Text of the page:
The ideal legal regulator needs a clear approach to technology and innovation and proactively engage with legal service technology, the Legal Services Board (LSB) said.

In a paper published today on how regulation can foster responsible technological innovation, the legal super-regulator set out how regulators can support technology and innovation and increase access to legal services. 

The LSB said regulators working together can reduce uncertainty for tech providers and consumers; and that technology can help open up legal services to currently excluded consumers and small businesses.

It said regulators need to be proactive rather than their “typically reactive approach”. 

However, it warned: “The overarching lesson from the first phase of our work is a simple one: technology and innovation can widen access to legal services, but the associated risks need to be considered and managed” to realise its full potential. 

“This includes ensuring that those with low digital capability and digital literacy are not excluded from accessing essential services”, said the LSB, adding that the ethical and regulatory challenges of advanced technologies such as AI must also be considered.

The LSB’s chief executive Matthew Hill said: “Technology has the potential to improve access to legal services. It can enable citizens to get advice and support in a way, and at a time, that suits them. It can also help legal professionals carry out their work in new ways that make them more competitive, reduce costs and support growth.”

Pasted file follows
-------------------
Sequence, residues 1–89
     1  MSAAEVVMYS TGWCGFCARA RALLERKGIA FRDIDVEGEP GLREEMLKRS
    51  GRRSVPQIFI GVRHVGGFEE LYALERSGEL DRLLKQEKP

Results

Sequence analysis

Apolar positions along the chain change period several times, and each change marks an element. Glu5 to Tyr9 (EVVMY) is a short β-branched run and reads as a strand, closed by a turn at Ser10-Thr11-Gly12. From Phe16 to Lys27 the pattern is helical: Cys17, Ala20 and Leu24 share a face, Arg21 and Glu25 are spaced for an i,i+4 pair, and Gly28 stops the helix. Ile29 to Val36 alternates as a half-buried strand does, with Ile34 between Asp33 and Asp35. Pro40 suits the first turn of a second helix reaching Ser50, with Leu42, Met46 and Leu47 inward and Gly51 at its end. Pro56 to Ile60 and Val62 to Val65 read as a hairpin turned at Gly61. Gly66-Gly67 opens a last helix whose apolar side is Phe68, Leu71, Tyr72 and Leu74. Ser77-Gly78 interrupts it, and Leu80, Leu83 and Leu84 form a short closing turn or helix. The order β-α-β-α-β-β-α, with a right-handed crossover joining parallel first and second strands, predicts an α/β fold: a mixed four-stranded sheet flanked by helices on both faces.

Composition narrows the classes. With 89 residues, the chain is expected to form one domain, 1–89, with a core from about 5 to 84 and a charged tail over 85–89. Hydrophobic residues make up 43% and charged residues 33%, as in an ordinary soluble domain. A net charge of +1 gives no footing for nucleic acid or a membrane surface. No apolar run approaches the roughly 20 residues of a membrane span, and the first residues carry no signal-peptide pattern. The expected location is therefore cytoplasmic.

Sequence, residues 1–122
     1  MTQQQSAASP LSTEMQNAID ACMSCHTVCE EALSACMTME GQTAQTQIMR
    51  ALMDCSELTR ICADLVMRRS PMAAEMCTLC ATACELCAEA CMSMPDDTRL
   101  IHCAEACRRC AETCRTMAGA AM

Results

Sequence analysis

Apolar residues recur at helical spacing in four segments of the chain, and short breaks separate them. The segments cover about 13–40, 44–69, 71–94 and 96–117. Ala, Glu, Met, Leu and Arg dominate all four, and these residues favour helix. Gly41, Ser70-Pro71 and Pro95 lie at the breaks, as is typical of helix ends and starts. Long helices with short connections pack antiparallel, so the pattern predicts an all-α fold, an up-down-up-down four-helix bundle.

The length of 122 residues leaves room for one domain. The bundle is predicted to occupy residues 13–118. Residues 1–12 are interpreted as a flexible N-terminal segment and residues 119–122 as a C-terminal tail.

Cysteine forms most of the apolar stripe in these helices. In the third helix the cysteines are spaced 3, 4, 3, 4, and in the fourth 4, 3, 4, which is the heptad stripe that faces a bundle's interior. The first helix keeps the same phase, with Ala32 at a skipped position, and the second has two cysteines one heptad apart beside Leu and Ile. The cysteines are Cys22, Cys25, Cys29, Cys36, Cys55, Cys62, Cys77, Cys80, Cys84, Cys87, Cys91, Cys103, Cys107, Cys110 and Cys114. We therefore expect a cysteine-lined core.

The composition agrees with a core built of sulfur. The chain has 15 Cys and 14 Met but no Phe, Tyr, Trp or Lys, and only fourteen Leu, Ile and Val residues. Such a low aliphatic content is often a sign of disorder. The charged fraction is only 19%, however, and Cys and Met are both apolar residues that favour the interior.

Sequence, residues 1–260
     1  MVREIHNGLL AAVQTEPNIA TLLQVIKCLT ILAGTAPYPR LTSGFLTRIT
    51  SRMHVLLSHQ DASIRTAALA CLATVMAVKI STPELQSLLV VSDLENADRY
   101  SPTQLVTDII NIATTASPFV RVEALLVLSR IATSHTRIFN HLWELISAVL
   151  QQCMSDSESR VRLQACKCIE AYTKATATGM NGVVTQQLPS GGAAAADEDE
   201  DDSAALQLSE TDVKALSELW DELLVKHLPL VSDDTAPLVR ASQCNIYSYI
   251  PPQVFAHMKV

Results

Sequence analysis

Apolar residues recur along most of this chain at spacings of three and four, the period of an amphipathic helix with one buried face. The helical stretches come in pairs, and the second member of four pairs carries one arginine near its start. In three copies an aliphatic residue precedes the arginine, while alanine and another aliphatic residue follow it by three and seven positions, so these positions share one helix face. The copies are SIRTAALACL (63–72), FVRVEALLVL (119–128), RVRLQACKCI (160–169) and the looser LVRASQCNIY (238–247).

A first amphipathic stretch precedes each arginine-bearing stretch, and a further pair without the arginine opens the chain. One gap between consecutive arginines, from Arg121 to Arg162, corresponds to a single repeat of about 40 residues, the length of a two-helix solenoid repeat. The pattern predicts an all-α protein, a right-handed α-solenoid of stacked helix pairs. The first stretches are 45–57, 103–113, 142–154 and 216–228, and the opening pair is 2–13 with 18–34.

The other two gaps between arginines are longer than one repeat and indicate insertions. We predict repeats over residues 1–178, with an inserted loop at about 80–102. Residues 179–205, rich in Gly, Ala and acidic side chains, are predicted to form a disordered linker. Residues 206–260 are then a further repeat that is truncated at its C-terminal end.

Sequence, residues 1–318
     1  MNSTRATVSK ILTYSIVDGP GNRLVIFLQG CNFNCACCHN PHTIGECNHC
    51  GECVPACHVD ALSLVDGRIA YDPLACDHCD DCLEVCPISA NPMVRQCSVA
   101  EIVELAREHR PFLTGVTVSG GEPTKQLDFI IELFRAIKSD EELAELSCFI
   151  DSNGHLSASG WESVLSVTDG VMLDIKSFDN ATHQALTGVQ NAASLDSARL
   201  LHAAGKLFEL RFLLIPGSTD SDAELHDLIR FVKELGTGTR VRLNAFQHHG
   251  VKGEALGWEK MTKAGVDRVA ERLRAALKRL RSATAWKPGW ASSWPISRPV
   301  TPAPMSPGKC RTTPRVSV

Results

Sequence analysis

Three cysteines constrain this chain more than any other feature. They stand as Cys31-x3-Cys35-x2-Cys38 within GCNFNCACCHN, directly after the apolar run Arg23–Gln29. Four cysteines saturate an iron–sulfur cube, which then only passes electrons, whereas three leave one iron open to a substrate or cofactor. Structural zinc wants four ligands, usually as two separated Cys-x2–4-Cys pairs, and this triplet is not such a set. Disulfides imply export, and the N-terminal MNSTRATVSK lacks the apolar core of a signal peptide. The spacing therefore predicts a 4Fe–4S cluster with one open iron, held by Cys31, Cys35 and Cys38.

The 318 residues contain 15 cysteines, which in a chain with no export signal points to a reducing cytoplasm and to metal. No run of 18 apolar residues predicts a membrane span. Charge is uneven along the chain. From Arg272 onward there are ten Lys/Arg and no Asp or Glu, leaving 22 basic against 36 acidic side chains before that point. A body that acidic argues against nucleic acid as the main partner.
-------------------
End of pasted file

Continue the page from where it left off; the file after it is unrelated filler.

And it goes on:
He said covid-19 has accelerated the pace and scale of technological change and that regulation can help build on this momentum and “harness technology to reshape legal services to better meet the needs of society”.

“We have started to see what is possible, but there is a long way to go to unlock the full potential,” added Hill. “As the oversight regulator for legal services, we have an important role in fostering innovation. 

“From considering technology as part of our regulatory performance framework to exploring a statutory statement that can underpin proactive regulatory arrangements, we can create, and maintain, a regulatory environment that unlocks the role of technology and innovation in increasing access.”

The paper acknowledged: “Technology is not a silver bullet. It offers opportunities, and carries risks, that need to be understood so that it is deployed in ways that are compatible with the regulatory objectives.”

The LSB’s work will include considering whether the current regulatory framework adequately protects consumers from the risks posed by technology and how more and better open data can be developed.”


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